Cybercrime: How To #Define It And #Defend #Yourself #Against It
There’s a good chance words like “cybersecurity” and “hacking” are floating around the minds of Atlanta’s internet users in light of the recent ransomware attack on the city’s computer network or the data breaches that affected Equifax customers.
In 2014, 47 percent of adults in the U.S. had some of their personal information exposed by hackers, and a recent Gallup poll showed that 67 percent of Americans worry “frequently or occasionally” about cybercrime.
Falling victim to cybercrime is a scary thought, but there are steps people can take to protect themselves from malicious agents on the internet. WABE has compiled a guide to common internet crimes with tips on how Atlantans can avoid falling victim to them.
Ransomware attacks affect victims large and small. It was a ransomware attack that left Atlantans without the ability to pay their bills for days in March, but these attacks can affect individual users’ computers as well. Once they’re running on someone’s machine, ransomware programs take control of the computer and threaten to restrict access to it indefinitely unless a ransom is paid.
Ransomware enters a computer or network either by “exploiting a security hole in vulnerable software or by tricking someone to install it,” according to internet security company Norton.
Victims of ransomware might find themselves compelled to pay the money asked of them to get their data back, but the FBI states that’s exactly what a user should not do. Ransomware should be removed by a “computer professional” because even when the malware appears to be gone, it could still be working in the background.
Phishing is the act of luring in users with emails or phone calls that appear to be innocuous but are actually sent to trick users into giving away access to their computers, according to Microsoft. Phishing scams usually originate in spam emails or phone calls from people claiming to be with companies such as Microsoft saying they need to gain access to a user’s machine.
It is relatively simple for attackers to disguise the emails they send to look like they originate from someplace official, be it a company’s IT department or even Microsoft itself.
Clicking on a seemingly harmless link in an email can be a trigger to install malware or a route for hackers to access personal information. In 2017, phishing scammers managed to steal the paychecks of 27 Atlanta Public Schools employees, costing the district nearly $300,000, according to the AJC.
Microsoft recommends a few best practices for staying away from phishing scams: make sure to hover over links before clicking on them to be sure they go where they say they do. Be wary of official-looking emails that are full of spelling or grammar mistakes and be sure to double-check spelling on URLs that look official because a slightly misspelled web address could lead somewhere dangerous.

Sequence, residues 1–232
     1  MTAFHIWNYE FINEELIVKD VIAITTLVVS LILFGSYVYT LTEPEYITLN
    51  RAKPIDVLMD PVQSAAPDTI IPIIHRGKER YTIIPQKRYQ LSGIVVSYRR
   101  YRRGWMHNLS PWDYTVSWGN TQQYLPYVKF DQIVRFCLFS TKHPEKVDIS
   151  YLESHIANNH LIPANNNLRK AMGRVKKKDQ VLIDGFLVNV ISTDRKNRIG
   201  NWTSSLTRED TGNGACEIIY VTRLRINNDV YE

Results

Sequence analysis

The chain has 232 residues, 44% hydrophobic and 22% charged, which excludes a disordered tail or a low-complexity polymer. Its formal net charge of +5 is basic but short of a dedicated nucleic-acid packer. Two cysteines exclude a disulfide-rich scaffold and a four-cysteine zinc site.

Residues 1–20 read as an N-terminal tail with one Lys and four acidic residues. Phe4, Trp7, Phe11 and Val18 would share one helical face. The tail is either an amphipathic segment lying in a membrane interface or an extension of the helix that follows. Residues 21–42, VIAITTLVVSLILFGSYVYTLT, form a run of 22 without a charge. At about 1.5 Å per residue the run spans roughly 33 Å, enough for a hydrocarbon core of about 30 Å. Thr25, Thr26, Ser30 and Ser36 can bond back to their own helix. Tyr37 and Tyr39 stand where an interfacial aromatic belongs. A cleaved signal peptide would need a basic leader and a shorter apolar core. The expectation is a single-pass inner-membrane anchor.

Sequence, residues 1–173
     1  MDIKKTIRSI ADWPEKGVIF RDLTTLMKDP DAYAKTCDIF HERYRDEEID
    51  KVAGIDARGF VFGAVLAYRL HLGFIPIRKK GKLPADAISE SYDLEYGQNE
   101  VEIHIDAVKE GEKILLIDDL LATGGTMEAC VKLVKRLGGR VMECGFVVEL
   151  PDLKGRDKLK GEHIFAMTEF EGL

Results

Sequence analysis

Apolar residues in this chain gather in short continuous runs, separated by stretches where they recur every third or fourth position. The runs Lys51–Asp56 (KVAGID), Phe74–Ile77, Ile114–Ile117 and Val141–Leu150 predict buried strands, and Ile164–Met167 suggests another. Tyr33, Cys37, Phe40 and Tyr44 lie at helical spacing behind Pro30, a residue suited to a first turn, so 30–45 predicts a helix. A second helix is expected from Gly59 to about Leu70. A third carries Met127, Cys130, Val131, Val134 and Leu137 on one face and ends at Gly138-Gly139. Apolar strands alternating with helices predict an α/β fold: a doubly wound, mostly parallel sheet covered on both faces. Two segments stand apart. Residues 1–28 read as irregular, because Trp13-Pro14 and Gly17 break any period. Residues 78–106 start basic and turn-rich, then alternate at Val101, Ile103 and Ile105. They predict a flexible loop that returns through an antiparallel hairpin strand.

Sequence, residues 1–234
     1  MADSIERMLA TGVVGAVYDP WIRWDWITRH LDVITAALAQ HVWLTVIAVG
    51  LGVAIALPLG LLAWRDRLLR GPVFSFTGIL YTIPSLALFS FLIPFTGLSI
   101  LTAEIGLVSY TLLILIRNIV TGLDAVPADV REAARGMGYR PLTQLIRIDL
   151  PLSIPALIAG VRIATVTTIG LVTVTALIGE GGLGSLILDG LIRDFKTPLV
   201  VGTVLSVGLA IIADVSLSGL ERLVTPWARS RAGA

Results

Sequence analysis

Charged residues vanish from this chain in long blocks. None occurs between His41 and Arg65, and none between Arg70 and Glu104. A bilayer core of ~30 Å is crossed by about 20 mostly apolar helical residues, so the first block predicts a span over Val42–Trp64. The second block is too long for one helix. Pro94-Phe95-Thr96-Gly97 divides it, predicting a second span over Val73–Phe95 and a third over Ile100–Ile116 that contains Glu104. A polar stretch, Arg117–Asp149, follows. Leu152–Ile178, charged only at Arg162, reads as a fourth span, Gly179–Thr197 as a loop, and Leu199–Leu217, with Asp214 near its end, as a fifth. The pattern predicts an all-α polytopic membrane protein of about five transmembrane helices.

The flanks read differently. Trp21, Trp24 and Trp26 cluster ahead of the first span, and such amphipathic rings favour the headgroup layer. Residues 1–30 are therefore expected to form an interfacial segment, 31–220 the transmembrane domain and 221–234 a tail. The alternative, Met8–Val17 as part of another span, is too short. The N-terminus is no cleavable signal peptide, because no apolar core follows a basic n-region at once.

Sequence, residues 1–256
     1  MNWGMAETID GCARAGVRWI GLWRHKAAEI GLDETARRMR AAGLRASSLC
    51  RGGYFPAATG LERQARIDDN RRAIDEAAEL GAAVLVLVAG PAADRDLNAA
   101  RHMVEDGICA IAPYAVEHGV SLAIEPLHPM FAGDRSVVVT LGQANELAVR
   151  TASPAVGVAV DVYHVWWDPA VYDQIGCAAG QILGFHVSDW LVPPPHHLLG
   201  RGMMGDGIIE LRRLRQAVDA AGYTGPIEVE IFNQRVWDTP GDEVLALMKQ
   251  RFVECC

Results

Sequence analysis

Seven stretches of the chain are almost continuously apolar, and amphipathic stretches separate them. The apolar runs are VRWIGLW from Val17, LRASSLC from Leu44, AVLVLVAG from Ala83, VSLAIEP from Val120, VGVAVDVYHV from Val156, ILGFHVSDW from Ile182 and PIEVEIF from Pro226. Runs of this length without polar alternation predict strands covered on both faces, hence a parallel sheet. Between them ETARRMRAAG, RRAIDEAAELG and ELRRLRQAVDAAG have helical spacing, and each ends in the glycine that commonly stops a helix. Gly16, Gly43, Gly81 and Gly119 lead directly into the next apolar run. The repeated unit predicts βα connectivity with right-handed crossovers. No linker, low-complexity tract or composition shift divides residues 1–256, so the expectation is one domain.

All it took to put 56 million credit cards at risk and create $62 million in costs was a set of stolen log-on credentials for the computer network of Atlanta-based Home Depot, according to USA Today.
In addition to the credit card information that was stolen from self-checkout counters in Home Depot stores, millions of email addresses were stolen, leading to victims being at risk of further phishing scams.
One thing to remember is that, according to Experian, even though someone might be a victim of a data breach, they are not necessarily a victim of identity theft. The three steps the business services company recommends for people who have fallen victim to this are closely monitoring credit history and looking out for new accounts, keeping track of Social Security benefits and monitoring tax returns for unusual activity.
Denial Of Service Attacks
A Denial of Service, or DoS attack, is when an attacker attempts to take down a computer or network by targeting it with a barrage of requests. Every attempt to access a website by typing a URL or clicking a link is a request, but large numbers of these at the same time can overload a server and prevent legitimate users from accessing a website or its content, according to the United States Computer Emergency Readiness Team.
In 2016, the University of Georgia’s internet was brought to a halt by a Denial of Service attack that “saturated” the university’s internet capacity of 20 gigabytes per second of data, blocking all access to the internet for everyone on campus, according to the AJC.
These attacks are difficult to prevent, simply because they take advantage of the way a server works. But many of these attacks utilize networks called botnet, which are computers connected by the same piece of malware that can all be used at the same time. While a user may not be able to prevent a DoS attack against a network, they could potentially avoid their computer becoming the newest member of a botnet by remaining wary of phishing scams and ensuring their antivirus software is up to date.
While anyone can be the victim of cybercrime, there are a few helpful tips to keep in mind. Norton recommends practices such as using long, difficult-to-guess passwords, keeping your network secured and using a full-service internet security suite.
The post Cybercrime: How To #Define It And #Defend #Yourself #Against It appeared first on National Cyber Security Ventures.
View full post on National Cyber Security Ventures